By editorial board • 

Records czar finds Oregon is no Eden

If your mother says she loves you, ask for a second opinion.

That venerable bit of journalistic wisdom is venerated for a reason. Everyone, not just journalists, should view the world with a gimlet eye.

OK, maybe you can trust Mom. However, if the government says it loves you, you definitely want to demand supporting documentation. The government’s response will tell you a lot.

Consider the case of Ginger McCall.

McCall moved to Oregon 18 months ago to become the state’s first official public records advocate. Formerly a staff attorney with the U.S. Department of Labor, she fled the federal circus for a world where a fact is a fact and the government doesn’t care who knows it.

She never found this Eden, however. Instead, she found Oregon under Gov. Kate Brown.

McCall quit her new job abruptly this week, claiming Brown’s general counsel, Misha Isaak, told her to represent the governor’s political interests on the state’s Public Records Advisory Council, but do it on the sly.

McCall claims Isaak requested she cater to Brown even if it meant operating against the will of the records council and the legislative mandate that she function independently of partisan politics.

Of course, McCall could be overstating the situation. But her track record on both the state and national levels is unassailable.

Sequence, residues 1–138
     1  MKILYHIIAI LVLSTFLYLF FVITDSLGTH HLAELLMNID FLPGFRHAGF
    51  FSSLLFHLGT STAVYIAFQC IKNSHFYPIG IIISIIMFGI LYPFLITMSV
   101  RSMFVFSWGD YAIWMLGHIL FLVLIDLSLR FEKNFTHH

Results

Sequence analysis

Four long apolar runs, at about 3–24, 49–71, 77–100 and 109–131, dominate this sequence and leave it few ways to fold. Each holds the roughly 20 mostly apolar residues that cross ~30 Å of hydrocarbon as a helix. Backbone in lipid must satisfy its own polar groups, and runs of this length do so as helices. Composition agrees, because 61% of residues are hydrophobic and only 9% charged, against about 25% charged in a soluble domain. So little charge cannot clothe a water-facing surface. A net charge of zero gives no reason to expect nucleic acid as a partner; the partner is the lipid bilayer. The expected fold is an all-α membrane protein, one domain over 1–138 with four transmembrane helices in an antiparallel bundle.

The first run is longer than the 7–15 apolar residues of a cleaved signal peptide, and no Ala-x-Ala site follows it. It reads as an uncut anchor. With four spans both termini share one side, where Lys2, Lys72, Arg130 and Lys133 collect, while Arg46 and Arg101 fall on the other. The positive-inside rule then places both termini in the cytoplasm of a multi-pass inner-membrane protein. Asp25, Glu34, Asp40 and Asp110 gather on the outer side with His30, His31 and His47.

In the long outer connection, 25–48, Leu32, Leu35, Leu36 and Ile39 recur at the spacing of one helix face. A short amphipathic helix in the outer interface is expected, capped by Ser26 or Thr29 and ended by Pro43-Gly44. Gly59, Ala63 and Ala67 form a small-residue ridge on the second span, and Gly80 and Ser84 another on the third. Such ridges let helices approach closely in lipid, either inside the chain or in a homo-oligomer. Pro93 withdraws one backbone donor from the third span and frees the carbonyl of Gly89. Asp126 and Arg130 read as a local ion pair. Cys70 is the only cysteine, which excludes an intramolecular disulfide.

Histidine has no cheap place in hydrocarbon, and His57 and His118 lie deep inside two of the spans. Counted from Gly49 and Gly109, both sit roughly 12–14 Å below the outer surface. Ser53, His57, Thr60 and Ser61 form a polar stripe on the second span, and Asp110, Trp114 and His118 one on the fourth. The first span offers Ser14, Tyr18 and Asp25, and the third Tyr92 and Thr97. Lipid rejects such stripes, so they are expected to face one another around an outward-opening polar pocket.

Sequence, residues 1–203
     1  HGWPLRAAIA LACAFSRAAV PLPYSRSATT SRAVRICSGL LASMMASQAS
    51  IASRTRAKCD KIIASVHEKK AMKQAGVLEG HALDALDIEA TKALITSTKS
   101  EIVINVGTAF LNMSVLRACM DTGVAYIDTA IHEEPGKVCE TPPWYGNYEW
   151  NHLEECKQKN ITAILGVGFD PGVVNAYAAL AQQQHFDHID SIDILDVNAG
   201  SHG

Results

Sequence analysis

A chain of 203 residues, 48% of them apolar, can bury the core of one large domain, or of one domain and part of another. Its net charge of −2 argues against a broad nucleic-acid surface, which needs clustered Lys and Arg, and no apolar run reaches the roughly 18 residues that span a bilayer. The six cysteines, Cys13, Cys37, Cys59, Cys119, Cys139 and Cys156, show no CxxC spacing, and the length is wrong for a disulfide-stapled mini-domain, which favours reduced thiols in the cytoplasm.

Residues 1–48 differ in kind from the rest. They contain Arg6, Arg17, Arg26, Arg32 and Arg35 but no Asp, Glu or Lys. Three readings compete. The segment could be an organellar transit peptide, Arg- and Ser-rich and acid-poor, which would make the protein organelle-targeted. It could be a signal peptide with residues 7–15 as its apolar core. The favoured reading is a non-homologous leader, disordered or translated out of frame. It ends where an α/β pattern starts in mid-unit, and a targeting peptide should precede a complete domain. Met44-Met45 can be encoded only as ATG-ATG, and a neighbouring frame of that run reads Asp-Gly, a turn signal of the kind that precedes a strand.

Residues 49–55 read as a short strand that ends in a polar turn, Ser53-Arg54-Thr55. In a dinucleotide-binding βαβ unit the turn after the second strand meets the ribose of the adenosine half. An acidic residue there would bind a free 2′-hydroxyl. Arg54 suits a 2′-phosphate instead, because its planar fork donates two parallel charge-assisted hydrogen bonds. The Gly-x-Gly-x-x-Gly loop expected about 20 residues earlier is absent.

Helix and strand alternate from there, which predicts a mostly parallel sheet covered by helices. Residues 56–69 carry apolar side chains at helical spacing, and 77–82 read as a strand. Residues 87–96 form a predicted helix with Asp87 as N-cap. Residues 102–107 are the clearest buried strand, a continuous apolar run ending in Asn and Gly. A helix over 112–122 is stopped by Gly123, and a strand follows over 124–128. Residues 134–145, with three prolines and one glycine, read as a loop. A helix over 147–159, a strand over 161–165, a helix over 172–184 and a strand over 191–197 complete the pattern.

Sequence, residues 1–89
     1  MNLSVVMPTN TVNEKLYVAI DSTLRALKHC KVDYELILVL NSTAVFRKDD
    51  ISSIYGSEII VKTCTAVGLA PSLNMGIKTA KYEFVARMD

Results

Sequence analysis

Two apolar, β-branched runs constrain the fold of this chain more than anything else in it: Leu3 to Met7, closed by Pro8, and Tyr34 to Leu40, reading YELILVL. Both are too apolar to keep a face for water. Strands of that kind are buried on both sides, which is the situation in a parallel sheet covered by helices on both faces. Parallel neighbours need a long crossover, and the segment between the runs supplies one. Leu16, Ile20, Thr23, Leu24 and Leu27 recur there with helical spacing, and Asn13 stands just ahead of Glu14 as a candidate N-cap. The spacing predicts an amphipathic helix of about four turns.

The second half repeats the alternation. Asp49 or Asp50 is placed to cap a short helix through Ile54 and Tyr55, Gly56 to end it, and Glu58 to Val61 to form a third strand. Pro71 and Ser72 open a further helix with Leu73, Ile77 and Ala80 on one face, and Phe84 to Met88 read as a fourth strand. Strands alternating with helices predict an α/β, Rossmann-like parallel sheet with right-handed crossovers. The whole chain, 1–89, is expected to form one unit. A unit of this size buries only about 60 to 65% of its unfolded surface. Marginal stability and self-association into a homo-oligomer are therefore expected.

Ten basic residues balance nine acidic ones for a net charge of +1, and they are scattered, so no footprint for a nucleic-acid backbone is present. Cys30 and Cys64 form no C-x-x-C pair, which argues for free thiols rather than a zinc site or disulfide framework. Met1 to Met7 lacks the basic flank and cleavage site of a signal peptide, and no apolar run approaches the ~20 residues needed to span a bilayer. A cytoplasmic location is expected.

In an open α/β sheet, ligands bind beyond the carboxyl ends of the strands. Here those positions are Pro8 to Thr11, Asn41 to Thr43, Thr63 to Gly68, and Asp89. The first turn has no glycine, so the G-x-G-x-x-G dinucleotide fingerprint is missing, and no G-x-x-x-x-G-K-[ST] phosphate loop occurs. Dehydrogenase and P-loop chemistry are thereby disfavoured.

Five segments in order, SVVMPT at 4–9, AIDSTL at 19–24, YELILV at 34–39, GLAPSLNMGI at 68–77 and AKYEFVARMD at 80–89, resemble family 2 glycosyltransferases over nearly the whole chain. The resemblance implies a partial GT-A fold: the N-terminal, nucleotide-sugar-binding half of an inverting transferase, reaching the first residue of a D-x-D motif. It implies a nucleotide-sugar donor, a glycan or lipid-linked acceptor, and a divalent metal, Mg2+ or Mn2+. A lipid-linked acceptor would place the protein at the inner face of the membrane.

Brown and her entourage, on the other hand, have always seemed more interested in representing her political base than the state as a whole. They take to the bunker when faced with even the mildest criticism or opposition.

It’s a perfect lesson in political hypocrisy.

Brown created McCall’s job expressly to calm concerns about secrecy raised under her predecessor, John Kitzhaber. Kitzhaber, under fire for his fiancée’s influence peddling, virtually built the bunker Brown now occupies.

Brown supposedly hired McCall to make state and local governments more transparent, by mediating disputes over public records requests and leading the newly created records advisory council. Or maybe it was all just window dressing.

This current drama illustrates the difference between pious public statements about transparency and the knee-jerk impulse of governments — from city halls to executive mansions — to spin and suppress any information they can’t control.

Barack Obama promised the most transparent administration in U.S. history. Yet, he relentlessly prosecuted whistleblowers and seized confidential communications between news organizations and their sources.

Those who wage open warfare on the facts are easy to spot. We need also be wary of those whose words say one thing while their actions convey something entirely different.

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